Thursday, October 06, 2005

An Old Email About Hope, and the Local

I recently came across a series I emails I exchanged with my good friend, and mentor Cal Pritner, co-founder of the Illinois State University Theatre Department (some of his students included John Malkovich, Gary Sinise, Terry Kinney, Laurie Metcalf, Gary Cole) founder of the Illinois Shakespeare Festival, and author of Speaking Shakespeare and co-author (with me) of Introduction to Play Analysis. In it, we were discussing the local versus the national, the value of virtuosity, and Mark Twain’s comment that if you want to know a man’s opinion, you have to find out where his corn pone comes from. I’m only going to share my own emails:

The quandary I find myself in centers, like so much, around corn pone. It's corn pone that I know you can relate to, Cal: I teach. And I'm not certain that you can successfully teach a new generation without a firm belief in the possibility of positive change. How can you demand that students devote the time and energy and sacrifice to become true artists if, at the same time, you don't believe that their efforts will be acknowledged, appreciated, rewarded, or make a damn bit of difference? I guess I can't. I can't look those kids in the eye and tell them that corporate America has everything in its stranglehold and nothing they do will make a damn bit of difference. I have to create a vision of possibility, of empowerment, of alternatives.

Perhaps my insistence on the importance of the local is my way of escaping the corporate stranglehold dilemma. On the level of small communities, even small communities within much larger communities, I think change is still possible. Perhaps that is why I don't focus my attention on a national conversation. You are right, the media is the key, and the media loves conflict. Give them Mel's Passion, give them Serrano's crucifix in urine, give them Mapplethorpe's bullwhip up the ass, and the media loves it -- conflict and controversy! Better than cockfighting! But if it can't be covered in 90 seconds, then it ain't gonna get covered.

But in a discussion group at the local Barnes and Noble, maybe people can discuss more meaningful and more subtle ideas. In a small theatre in which the patrons are made to feel welcome, perhaps a post show discussion can deal with subtle insights, feelings, and wisdom.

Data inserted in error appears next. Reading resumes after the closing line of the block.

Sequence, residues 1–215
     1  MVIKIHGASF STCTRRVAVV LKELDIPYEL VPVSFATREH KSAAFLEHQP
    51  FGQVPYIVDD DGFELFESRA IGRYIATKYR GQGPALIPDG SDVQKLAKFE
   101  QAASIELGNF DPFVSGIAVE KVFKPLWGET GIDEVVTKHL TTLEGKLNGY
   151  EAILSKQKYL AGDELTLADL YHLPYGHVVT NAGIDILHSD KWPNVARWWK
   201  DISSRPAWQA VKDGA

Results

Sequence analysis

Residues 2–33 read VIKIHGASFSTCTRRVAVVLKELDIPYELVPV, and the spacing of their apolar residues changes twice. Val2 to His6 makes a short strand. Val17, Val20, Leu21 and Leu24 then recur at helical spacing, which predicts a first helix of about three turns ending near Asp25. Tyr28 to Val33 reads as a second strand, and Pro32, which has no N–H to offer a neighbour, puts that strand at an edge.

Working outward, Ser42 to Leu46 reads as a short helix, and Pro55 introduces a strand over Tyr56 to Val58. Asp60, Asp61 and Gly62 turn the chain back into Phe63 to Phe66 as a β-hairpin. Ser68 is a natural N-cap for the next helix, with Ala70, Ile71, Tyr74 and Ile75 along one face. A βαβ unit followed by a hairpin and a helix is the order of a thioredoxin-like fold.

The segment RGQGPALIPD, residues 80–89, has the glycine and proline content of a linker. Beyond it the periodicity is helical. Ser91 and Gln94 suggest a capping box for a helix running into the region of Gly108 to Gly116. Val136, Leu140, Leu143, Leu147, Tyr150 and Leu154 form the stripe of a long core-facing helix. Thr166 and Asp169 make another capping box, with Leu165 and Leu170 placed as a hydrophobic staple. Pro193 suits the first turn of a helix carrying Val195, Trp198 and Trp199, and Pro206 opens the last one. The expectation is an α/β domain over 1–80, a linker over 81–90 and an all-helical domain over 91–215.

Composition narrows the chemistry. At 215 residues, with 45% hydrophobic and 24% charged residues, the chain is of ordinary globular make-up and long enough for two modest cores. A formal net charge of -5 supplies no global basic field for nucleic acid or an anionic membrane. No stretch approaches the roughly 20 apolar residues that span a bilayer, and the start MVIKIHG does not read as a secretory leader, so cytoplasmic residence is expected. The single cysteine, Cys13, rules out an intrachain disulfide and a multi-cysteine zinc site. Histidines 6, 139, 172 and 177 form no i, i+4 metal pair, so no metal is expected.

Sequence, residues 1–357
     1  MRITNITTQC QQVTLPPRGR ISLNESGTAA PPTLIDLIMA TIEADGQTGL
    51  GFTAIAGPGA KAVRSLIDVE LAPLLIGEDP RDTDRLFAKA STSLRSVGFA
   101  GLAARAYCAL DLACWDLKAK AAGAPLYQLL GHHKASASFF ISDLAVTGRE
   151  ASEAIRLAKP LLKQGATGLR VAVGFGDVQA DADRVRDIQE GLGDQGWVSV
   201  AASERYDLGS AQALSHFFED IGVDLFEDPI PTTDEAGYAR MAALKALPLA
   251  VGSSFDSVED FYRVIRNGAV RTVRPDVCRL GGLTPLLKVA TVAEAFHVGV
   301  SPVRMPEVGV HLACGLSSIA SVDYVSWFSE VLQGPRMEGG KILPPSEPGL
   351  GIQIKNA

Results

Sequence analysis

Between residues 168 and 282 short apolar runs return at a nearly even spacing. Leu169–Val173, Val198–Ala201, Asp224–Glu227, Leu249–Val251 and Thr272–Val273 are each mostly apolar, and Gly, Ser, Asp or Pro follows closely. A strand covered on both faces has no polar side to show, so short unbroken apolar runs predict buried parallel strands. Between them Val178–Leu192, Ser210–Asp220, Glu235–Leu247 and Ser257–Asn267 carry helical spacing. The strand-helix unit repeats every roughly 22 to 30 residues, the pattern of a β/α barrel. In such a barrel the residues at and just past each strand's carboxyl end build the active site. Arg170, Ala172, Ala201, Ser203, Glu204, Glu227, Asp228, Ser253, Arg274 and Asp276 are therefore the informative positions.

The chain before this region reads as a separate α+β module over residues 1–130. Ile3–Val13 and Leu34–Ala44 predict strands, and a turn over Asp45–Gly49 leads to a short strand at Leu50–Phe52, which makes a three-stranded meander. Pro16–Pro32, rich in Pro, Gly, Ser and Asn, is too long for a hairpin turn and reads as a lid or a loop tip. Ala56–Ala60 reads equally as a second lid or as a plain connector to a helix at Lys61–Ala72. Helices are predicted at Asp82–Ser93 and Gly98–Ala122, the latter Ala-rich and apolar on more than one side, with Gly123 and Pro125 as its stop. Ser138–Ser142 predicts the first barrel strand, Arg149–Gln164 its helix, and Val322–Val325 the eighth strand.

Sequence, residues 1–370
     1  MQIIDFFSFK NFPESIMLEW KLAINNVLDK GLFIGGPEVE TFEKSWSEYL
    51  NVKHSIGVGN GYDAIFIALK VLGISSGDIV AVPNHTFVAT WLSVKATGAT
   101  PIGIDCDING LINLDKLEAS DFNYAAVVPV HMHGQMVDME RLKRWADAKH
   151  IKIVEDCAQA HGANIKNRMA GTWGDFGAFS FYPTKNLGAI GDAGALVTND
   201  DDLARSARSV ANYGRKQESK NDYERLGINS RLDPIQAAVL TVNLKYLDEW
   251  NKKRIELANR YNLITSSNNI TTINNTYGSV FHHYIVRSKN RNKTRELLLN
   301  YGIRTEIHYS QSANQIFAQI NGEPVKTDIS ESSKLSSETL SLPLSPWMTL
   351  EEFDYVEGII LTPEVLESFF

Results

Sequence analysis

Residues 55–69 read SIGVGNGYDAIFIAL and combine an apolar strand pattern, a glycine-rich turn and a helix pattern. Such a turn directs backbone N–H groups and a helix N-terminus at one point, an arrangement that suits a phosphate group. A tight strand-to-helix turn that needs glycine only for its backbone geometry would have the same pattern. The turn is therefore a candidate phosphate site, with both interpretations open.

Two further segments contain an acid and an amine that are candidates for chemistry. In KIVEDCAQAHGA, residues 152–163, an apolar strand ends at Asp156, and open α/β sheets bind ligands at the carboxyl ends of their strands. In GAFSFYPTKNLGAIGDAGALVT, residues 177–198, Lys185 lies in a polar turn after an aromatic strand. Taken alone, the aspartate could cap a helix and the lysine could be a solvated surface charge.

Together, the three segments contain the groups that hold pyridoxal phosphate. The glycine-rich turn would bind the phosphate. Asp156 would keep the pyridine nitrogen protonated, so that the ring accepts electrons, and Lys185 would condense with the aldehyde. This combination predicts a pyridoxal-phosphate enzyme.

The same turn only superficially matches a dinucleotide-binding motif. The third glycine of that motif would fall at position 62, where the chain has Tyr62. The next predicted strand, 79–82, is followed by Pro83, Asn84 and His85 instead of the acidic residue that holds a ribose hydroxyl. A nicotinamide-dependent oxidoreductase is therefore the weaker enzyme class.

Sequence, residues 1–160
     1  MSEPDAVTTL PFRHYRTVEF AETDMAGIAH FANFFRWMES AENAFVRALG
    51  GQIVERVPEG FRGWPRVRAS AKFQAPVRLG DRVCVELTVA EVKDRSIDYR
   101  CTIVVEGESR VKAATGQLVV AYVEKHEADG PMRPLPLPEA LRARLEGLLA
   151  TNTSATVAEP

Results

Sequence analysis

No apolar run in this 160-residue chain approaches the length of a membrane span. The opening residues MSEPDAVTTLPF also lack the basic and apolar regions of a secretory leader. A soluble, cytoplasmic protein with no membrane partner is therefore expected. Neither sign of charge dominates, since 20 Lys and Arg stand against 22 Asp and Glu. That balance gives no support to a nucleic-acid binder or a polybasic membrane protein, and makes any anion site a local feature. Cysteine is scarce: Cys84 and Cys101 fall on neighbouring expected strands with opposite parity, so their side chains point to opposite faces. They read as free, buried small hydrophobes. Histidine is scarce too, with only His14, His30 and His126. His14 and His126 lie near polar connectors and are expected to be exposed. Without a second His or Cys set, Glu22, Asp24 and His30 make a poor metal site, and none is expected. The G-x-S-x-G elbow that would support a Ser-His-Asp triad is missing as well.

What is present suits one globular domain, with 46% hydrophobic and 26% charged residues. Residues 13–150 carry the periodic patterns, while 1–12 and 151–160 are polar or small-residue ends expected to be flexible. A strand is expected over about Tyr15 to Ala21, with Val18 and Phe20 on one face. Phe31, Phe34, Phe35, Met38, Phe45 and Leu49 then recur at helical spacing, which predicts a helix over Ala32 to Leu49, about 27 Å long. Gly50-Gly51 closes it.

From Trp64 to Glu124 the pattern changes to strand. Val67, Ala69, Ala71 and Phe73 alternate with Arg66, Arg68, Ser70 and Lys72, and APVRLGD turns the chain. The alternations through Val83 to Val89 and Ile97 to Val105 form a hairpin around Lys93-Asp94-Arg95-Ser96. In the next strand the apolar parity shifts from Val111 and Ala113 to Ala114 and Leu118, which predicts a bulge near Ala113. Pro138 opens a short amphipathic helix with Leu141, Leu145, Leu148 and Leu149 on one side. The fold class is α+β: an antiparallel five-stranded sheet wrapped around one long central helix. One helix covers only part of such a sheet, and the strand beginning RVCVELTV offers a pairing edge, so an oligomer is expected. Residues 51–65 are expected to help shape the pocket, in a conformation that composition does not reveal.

I wrack my brain hours on end to come up with a way around the corporate dilemma. It's just the way I'm built -- if I think something is wrong, and can be done better, I have to find a way to do it. When students look in my eyes, they have to see a commitment and a hope for a better future. If I don't have it, I can't teach them; I shouldn't teach them.

So that's where I come from, and where my ideas of community come from. It isn't simply because I live in Asheville, it's because Disney now owns Broadway and I can't see that as a viable alternative for artistry anymore. I search for an alternative.

I still am trying to find what my contribution will be, what idea I will have that will make a difference, what student I will teach that will carry some shred of my ideas forward. My legacy has to come through those I touch, those I teach, those who hear the words I say and read the words I write. I need to think of something new, something that might add something to the world.

That is what I struggle to do. If I focus on holding my family tight and finding the art that feeds my soul, then I will never have the focus and courage to see a new idea through to the end, because new ideas require dissatisfaction with the status quo. If I focused on seeking out those great artistic experiences, I may create a good life for myself and a few who surround me, but right now I don't know that that would be enough. I so very much would like it to be. I even hear voices telling me that "the quest for greatness is a disease; the real goal is goodness." And I try to live with that, but it is like I am pursued by intellectual Furies who will not let me rest.

I think something is wrong with America, and so something is wrong with American theatre. I think that the whole machine is going to break down, and in the not-too-distant future at that, and when it does, there will be a vacuum into which new ideas will have to rush. I need to prepare for that moment, or prepare my students for that moment, because if we haven't imagined a different way, then the status quo will simply morph and refill that vacuum and then we're doomed. We're in a transitionary age, and other models need to be imagined. I don't know if local arts are the answer – it is just a way to fly under the corporate radar for while and find space to think and create.

1 comment:

Dorothy said...

I hear this loud and clear.
I command you for thinking this way and continuing to teach. You don't need to fool the kids. Tell them just what you said here. It will be more helpful than anything else. They will understand that they need to be in process and prepared for anything.
Came here via NY bloggers....